WASHINGTON — An anti-smoking group known for its edgy ads featuring teenagers
has won a legal victory over No. 3 U.S. cigarette maker Lorillard Tobacco
The Delaware Supreme Court ruled yesterday that the ads created by the
Washington-based American Legacy Foundation did not violate a 1998 agreement
between the tobacco industry and the states.
That agreement led to restrictions on tobacco marketing and the creation of
the foundation, which the tobacco companies fund through their payments to the
The agreement stated that the foundation could not vilify or personally
attack tobacco companies or executives, something Lorillard argued the
foundation had been doing in its ads.
Yesterday's ruling in Lorillard Tobacco Co. v. American Legacy Foundation upheld a lower court decision that found the ads did not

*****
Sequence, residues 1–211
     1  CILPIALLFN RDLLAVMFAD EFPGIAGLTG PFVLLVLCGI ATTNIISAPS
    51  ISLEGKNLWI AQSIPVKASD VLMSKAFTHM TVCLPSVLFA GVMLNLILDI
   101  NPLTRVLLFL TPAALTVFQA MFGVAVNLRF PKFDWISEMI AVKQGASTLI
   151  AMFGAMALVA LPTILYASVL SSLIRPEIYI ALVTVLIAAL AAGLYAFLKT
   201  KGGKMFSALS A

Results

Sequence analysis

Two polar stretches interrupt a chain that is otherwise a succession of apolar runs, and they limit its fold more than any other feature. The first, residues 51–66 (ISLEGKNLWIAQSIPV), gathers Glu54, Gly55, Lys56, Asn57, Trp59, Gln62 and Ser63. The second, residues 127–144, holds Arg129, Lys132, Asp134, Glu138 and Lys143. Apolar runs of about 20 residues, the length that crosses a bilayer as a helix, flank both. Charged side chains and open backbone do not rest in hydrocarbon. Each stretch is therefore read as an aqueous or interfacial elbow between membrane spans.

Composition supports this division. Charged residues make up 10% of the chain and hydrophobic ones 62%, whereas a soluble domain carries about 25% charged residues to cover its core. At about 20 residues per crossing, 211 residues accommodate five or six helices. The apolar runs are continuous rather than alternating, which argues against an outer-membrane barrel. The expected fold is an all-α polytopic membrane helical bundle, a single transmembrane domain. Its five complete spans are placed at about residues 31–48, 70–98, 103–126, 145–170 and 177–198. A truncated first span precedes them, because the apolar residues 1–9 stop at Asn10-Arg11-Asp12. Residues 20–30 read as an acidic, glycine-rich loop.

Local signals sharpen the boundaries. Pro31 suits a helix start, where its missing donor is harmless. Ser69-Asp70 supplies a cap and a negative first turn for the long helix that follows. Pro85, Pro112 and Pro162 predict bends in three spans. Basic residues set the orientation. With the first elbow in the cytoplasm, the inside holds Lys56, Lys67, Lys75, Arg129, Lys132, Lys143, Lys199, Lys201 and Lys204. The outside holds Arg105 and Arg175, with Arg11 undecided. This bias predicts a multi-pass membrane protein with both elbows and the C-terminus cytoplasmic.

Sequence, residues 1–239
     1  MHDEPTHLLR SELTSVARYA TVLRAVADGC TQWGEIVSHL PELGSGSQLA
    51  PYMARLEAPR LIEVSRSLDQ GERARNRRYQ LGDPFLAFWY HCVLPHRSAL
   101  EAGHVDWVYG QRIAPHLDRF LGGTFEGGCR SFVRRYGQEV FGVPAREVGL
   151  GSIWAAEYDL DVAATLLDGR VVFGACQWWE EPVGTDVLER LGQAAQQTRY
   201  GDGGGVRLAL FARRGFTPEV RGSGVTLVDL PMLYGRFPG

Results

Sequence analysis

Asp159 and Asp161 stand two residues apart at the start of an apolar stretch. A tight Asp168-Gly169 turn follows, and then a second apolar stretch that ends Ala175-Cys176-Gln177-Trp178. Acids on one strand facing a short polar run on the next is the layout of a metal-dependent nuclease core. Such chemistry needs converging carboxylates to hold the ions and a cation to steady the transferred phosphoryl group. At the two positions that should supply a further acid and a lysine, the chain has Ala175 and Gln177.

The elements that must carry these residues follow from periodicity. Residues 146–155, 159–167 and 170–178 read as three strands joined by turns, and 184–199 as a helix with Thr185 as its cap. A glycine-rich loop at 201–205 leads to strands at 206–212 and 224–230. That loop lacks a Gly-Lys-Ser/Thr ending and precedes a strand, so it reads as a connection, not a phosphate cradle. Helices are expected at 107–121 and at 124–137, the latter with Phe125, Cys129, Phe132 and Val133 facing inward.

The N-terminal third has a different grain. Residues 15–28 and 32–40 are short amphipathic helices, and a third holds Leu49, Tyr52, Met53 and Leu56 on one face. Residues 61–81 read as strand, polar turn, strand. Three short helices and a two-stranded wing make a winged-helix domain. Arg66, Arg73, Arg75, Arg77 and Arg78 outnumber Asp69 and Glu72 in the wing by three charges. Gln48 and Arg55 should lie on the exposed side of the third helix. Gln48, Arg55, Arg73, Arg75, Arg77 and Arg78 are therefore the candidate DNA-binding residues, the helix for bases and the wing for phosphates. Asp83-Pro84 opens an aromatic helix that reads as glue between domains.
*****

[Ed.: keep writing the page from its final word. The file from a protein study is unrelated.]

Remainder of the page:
violate the agreement.
"I'm just delighted that this five-year unfounded action against us has come
to an end and that we have a license to save lives," said Cheryl Healton,
president and CEO of the foundation.
Officials with Lorillard, based in Greensboro, N.C., declined to comment
yesterday. The company previously highlighted several Legacy ads it thought went
In one radio ad, a person identifying himself as a dog walker phones
Lorillard and tells the operator he wants to sell the company dog urine because
it is full of urea, "one of the chemicals you guys put into cigarettes."
In another ad, teens show up at Philip Morris offices in New York, though the
company isn't identified in the ad, and announce that they have a delivery for
the marketing department. The delivery is a lie detector, and the teens tell the
company officials they want to clear up conflicting statements that have been
made about the addictive nature of nicotine.
The case was settled in Delaware because that is where Lorillard and the
American Legacy Foundation are incorporated.